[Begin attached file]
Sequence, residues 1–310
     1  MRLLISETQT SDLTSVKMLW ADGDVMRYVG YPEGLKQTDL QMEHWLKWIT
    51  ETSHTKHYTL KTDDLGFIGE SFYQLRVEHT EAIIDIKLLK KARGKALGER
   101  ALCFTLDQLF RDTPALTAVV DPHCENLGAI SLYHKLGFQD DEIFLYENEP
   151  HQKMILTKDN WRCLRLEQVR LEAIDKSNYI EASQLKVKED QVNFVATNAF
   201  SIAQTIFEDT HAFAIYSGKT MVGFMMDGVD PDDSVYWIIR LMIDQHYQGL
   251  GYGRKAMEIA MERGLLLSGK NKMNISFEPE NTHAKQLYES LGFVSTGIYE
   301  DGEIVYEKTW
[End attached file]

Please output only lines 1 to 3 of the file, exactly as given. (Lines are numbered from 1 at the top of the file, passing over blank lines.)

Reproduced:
Sequence, residues 1–310
     1  MRLLISETQT SDLTSVKMLW ADGDVMRYVG YPEGLKQTDL QMEHWLKWIT
    51  ETSHTKHYTL KTDDLGFIGE SFYQLRVEHT EAIIDIKLLK KARGKALGER